Men and women, young and old are divided about the upcoming Australian Day public holiday according to a survey conducted less than a week before its spot on the calendar.
Whether to continue celebrating Australia Day and how to remains contentious, research suggests.
Australia has seven national public holidays, four of them between December 25 and January 26.
The last, officially called Australia Day, is held on the date British Royal Navy vessels raised a Union Jack at Sydney Cove, called Warrane by the Aboriginal people who fished and lived there.
Close to 234 years later, the date and holiday are an ongoing source of contention that divides generations.
CoreData surveyed 1292 people on Thursday and found "a generational and gender divide among Australians over the significance of the day and its position in the calendar".
The research consultancy asked whether people planned to celebrate, whether they supported moving the holiday to another date and how their opinions had changed in recent years.
Overall, 54 percent of respondents said they planned to mark the occasion, with 30 percent saying they would be celebrating the history and achievements of Australia and 15 percent "just because it was a public holiday".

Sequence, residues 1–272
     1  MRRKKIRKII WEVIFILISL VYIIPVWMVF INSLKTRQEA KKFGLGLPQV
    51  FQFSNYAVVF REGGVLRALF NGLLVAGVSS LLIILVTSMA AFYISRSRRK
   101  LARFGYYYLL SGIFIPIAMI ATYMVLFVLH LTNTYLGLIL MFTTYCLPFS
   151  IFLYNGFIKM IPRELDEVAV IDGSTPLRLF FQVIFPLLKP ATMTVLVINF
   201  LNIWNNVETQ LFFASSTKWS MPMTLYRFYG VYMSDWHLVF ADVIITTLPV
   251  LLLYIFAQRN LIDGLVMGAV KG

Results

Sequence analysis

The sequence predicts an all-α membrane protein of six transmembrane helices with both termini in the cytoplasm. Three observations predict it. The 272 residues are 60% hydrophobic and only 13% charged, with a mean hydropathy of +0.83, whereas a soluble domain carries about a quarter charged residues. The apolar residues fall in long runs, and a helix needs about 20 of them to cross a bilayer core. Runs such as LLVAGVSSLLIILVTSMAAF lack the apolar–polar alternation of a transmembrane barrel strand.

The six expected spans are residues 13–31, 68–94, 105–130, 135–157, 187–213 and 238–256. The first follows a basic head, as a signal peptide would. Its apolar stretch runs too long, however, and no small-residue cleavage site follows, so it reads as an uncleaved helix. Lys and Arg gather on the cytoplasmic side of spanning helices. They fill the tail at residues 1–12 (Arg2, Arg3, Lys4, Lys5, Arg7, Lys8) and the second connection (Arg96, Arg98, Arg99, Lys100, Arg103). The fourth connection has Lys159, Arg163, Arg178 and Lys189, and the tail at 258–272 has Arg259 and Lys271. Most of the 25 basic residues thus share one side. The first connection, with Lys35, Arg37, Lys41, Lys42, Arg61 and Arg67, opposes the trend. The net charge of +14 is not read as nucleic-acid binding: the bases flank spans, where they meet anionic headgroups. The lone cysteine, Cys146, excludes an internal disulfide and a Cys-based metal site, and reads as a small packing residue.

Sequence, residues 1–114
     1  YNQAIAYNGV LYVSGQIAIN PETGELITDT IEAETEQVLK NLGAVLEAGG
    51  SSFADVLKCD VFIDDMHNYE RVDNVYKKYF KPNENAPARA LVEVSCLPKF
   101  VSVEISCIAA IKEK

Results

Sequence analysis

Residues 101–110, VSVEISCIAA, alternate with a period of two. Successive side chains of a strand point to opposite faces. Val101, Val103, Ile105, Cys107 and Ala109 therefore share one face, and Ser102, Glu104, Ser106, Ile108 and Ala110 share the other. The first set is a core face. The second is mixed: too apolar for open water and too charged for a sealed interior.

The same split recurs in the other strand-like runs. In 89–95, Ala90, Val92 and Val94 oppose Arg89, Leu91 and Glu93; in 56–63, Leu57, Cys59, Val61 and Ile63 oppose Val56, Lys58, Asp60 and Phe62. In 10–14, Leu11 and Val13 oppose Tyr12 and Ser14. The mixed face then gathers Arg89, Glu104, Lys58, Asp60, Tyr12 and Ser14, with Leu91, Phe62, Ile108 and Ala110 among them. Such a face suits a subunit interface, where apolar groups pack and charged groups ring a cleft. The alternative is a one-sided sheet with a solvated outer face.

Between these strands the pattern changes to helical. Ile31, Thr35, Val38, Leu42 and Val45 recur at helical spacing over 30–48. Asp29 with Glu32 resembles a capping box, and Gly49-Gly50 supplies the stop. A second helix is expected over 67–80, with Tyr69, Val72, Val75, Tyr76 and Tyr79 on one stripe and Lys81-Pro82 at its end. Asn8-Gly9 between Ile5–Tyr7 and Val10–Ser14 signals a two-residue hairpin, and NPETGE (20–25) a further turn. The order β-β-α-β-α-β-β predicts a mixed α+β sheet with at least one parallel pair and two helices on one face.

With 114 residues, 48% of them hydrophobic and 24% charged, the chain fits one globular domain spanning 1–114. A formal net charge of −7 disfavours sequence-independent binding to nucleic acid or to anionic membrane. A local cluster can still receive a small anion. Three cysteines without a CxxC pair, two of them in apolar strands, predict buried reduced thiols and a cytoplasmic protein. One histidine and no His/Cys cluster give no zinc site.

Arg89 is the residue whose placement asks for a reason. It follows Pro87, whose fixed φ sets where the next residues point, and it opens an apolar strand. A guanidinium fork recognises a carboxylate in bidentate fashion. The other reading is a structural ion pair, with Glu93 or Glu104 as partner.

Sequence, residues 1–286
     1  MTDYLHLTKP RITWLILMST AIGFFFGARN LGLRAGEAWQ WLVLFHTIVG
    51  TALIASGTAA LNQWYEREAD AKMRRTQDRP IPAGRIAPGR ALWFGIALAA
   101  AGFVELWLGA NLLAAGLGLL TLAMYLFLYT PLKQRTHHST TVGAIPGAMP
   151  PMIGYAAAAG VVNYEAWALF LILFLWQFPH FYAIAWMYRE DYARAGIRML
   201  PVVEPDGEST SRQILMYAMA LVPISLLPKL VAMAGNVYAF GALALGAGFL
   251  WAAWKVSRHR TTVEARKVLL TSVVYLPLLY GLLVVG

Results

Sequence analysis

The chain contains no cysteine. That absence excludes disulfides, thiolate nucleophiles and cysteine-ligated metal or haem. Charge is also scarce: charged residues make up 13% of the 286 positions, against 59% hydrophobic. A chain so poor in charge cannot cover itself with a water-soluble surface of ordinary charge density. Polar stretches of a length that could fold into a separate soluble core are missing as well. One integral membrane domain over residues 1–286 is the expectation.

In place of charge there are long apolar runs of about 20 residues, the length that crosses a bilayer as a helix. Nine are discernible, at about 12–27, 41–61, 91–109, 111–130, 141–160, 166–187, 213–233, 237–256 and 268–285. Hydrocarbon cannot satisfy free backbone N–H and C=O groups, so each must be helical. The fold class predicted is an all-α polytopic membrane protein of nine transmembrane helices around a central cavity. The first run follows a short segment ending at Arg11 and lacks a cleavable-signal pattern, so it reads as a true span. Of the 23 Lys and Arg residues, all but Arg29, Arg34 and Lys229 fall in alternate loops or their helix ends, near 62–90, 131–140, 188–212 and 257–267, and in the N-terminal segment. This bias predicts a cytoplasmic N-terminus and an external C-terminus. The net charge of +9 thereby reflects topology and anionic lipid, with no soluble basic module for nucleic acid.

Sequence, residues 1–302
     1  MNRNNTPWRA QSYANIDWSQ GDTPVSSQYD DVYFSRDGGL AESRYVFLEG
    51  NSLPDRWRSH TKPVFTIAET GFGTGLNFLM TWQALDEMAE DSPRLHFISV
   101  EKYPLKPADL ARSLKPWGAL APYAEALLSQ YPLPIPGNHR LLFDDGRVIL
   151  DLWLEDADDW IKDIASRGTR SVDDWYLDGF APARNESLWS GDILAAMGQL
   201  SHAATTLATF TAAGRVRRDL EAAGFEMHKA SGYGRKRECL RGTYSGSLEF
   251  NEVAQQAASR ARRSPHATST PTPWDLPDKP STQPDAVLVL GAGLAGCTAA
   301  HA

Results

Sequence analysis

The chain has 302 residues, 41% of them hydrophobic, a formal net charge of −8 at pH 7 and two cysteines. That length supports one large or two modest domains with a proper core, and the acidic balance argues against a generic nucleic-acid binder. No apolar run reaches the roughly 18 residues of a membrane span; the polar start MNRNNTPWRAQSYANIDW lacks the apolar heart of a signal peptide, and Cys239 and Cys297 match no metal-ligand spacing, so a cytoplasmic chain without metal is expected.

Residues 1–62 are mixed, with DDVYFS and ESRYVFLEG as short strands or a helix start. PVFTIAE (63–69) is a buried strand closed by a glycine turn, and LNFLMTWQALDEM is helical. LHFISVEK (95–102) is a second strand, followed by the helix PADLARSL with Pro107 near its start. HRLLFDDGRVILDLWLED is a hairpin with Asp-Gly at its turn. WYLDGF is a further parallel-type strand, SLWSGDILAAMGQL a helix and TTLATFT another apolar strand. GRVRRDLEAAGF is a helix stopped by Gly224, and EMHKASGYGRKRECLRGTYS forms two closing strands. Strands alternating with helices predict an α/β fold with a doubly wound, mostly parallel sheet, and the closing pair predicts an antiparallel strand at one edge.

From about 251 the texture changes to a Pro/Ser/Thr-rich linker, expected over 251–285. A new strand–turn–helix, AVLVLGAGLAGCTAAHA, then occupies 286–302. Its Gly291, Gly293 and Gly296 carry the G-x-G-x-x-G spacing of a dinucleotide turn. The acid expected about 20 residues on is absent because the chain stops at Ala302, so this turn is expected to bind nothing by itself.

More than two-thirds of respondents aged 26 and under say they won't be celebrating on January 26, with just over 30 percent saying they will.
But more than 80 percent of them support moving the date for the sake of improving relations with the Indigenous population, as do more than 70 percent of those aged 27 to 41.
Support for change dropped among older respondents, with just over 30 percent of those 56 to 75 and 25 percent of those older supporting a change in date.
Opinions were more evenly split among 42- to 55-year-olds but the majority still supported keeping the holiday on its current date.
There were also less significant discrepancies in gender.
Men were less likely to support changing the date or having a holiday to reflect on Australian and Aboriginal history than women and were more likely to celebrate Australia Day.
CoreData says "the political overtones" attached to the day and its meaning have "given younger Australians pause to think".
About 40 percent of the youngest surveyed group and 30 percent of the next oldest category said their opinions had changed in recent years "due to their perceptions of the political meaning of the day".
In contrast, fewer than 10 percent of the two oldest categories have adjusted their view.
Warriors of the Aboriginal Resistance, described as "a collective of young Aboriginal people committed to the cause of decolonisation" announced on Friday it would not be organising a protest on the day it marks as Invasion Day due to the pandemic.
It will be the first time since 2015 the group hasn't organised the protest march in Melbourne.
"We want to be on the street fighting for our people but the time isn't now," the organisation said, directing people to an online event instead.